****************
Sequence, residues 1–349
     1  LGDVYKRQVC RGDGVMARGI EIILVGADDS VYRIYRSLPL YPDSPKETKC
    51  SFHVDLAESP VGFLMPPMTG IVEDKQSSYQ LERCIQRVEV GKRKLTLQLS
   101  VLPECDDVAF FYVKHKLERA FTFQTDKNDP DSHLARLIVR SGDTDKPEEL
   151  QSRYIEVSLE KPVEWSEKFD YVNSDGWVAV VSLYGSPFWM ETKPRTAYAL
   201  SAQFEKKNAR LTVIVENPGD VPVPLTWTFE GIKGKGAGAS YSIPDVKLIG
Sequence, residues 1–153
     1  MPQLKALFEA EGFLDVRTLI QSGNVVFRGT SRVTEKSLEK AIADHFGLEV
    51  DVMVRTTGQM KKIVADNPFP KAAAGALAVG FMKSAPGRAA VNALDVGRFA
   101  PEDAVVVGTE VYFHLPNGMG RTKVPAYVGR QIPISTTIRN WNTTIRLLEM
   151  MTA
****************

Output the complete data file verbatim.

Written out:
Sequence, residues 1–349
     1  LGDVYKRQVC RGDGVMARGI EIILVGADDS VYRIYRSLPL YPDSPKETKC
    51  SFHVDLAESP VGFLMPPMTG IVEDKQSSYQ LERCIQRVEV GKRKLTLQLS
   101  VLPECDDVAF FYVKHKLERA FTFQTDKNDP DSHLARLIVR SGDTDKPEEL
   151  QSRYIEVSLE KPVEWSEKFD YVNSDGWVAV VSLYGSPFWM ETKPRTAYAL
   201  SAQFEKKNAR LTVIVENPGD VPVPLTWTFE GIKGKGAGAS YSIPDVKLIG
Sequence, residues 1–153
     1  MPQLKALFEA EGFLDVRTLI QSGNVVFRGT SRVTEKSLEK AIADHFGLEV
    51  DVMVRTTGQM KKIVADNPFP KAAAGALAVG FMKSAPGRAA VNALDVGRFA
   101  PEDAVVVGTE VYFHLPNGMG RTKVPAYVGR QIPISTTIRN WNTTIRLLEM
   151  MTA